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Checklist for Evaluating Your Current Payroll Service

Oct 29, 2015 8:37:00 AM / by Brian Paulson posted in small business payroll


Outsourcing your payroll means there’s one less thing on your plate. It simplifies your operations and ensures your payroll will be accurate and timely. Ideally, a professional payroll provider will deal with confusing tax laws on your behalf and cover the cost of any payroll errors.

Knowing you won’t need to deal with the IRS about your payroll is a big plus, but what if your payroll service is underperforming? Are they doing enough for you, or do feel like their customer service is lacking?

If you aren’t sure you’re working with the right payroll provider, put them to the test.

Checklist for Evaluating Your Payroll Provider:

  • Do they send you information that is hard to read or understand?
  • Do they do a poor job communicating with you?
  • Do you feel you aren’t getting enough advice on your payroll?
  • Have you ever encountered a penalty for payroll tax violations?
  • Are you never sure what your payroll provider is billing you for?
  • Do you feel you’ve outgrown your payroll provider’s abilities?
  • Do you get custom reports to help reduce your time spent on payroll?

Not satisfied with your answers to one or more of these questions? If so, your payroll service isn’t cutting it.

You could be getting much better service and better value by switching to a different provider. Your payroll provider should offer you not only 100% accuracy but also excellent customer service.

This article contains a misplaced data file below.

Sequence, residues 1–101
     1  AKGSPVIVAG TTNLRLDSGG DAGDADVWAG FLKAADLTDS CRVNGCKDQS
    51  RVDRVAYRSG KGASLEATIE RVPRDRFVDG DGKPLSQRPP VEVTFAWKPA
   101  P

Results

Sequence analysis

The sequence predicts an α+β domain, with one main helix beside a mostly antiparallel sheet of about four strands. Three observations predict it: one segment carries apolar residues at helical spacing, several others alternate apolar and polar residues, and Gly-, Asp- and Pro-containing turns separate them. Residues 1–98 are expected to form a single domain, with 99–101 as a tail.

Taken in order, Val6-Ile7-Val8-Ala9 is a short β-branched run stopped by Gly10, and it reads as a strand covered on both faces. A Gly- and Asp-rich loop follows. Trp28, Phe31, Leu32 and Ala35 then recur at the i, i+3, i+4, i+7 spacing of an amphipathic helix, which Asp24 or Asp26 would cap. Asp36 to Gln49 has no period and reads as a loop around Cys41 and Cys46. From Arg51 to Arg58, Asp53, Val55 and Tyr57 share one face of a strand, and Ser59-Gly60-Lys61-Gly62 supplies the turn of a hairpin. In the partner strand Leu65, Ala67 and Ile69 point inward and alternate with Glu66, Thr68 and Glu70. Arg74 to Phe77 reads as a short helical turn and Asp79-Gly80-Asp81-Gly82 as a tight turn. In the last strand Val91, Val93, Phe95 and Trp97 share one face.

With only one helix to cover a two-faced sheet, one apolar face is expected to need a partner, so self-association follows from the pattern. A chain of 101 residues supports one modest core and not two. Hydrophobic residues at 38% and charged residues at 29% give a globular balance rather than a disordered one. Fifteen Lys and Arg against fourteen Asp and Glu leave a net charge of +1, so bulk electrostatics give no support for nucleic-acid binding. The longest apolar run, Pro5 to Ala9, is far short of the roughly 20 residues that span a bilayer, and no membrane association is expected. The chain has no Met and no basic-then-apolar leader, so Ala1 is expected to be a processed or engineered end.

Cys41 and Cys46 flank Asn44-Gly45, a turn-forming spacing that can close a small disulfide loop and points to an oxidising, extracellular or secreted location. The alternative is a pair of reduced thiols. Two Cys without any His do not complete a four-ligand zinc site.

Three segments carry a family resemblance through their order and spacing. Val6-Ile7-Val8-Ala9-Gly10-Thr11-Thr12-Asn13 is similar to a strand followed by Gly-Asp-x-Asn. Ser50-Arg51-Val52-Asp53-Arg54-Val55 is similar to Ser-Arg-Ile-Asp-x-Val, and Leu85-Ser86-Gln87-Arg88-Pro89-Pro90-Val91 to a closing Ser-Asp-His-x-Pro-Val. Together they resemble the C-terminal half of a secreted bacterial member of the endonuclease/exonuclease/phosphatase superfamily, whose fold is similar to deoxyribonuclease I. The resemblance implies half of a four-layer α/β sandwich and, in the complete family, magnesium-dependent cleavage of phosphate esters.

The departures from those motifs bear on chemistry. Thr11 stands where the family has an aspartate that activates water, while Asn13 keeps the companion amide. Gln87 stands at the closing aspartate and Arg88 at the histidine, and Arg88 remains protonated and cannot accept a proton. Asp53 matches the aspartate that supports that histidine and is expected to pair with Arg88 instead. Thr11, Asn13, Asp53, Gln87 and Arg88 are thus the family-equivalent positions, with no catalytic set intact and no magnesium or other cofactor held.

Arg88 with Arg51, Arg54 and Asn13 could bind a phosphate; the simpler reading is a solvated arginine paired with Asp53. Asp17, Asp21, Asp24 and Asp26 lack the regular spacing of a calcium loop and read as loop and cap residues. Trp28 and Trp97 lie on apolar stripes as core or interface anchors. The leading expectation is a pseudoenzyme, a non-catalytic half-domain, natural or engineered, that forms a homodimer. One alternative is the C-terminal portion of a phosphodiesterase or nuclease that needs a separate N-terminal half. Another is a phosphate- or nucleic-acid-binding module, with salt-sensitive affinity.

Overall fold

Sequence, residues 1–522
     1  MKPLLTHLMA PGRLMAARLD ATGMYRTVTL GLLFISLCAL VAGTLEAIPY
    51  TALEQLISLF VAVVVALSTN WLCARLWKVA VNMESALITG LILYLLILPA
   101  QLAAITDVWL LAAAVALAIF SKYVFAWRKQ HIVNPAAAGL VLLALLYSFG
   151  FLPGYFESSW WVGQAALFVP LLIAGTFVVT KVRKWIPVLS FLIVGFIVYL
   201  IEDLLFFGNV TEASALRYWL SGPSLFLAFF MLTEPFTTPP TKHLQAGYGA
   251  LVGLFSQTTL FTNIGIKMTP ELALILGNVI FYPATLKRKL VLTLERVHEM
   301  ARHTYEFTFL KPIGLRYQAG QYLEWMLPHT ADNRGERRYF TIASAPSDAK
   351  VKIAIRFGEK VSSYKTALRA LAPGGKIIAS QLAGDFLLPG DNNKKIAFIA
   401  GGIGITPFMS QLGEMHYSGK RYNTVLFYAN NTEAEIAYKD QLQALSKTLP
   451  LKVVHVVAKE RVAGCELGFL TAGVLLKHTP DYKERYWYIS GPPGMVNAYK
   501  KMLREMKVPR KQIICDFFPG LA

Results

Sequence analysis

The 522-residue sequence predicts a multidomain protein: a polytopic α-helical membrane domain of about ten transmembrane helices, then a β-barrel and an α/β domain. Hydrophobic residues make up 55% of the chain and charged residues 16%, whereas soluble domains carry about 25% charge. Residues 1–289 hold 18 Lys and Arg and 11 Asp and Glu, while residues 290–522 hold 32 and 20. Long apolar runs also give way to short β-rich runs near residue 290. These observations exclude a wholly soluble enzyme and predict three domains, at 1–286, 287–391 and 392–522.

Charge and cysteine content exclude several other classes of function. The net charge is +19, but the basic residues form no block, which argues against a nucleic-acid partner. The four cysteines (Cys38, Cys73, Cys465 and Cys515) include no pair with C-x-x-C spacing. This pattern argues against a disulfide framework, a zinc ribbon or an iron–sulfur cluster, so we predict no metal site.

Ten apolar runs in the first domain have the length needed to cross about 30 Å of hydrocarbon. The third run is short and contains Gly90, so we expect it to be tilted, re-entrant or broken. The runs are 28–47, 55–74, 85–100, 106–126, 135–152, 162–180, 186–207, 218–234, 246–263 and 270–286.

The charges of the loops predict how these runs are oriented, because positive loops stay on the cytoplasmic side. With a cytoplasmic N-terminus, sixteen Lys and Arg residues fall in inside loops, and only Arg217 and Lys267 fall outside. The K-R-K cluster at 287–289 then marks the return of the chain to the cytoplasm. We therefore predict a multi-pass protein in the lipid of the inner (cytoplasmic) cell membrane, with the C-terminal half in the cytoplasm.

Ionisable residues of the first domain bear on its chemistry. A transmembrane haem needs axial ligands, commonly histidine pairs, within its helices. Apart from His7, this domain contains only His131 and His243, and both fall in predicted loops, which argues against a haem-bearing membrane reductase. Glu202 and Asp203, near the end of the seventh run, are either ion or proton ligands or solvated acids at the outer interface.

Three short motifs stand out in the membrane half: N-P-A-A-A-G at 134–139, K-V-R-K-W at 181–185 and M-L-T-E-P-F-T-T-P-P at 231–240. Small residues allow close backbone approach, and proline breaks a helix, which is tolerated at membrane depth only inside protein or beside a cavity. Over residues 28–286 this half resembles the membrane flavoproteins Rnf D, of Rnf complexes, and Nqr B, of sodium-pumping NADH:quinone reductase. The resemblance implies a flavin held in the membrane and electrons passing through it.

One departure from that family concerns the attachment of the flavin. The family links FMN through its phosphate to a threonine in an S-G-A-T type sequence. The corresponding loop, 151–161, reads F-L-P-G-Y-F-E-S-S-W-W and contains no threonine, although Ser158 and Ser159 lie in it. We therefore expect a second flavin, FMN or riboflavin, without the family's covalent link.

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Image by 401(K) 2012 via Flickr, licensed under CC BY-SA 2.0.

Brian Paulson

Written by Brian Paulson

Brian began working at CSI in 1996, and he purchased the business in 2002. As Owner, his primary role is in the management and growth of the firm. Since 2002, the firm has more than quadrupled in size. In 2009, Brian started CSI’s payroll service to complement CSI’s accounting and tax services. Brian received his Bachelor’s degree from the University of North Dakota, with a double major in Accounting and Financial Management. He’s a member of both the National Society for Tax Professionals and the National Society for Accountants, and he serves on the board of directors for the Professional Association of Small Business Accountants, where he was once president. Brian also serves on the business advisory council for Opportunity Partners, an organization that helps people with disabilities find employment. He’s also contributed to several business books, including Six Steps to Small Business Success and The Lean Mean Business Machine. Fun Fact: To help put himself through college, he used student loans, delivered pizzas, and worked summers in a salmon processing plant in Alaska.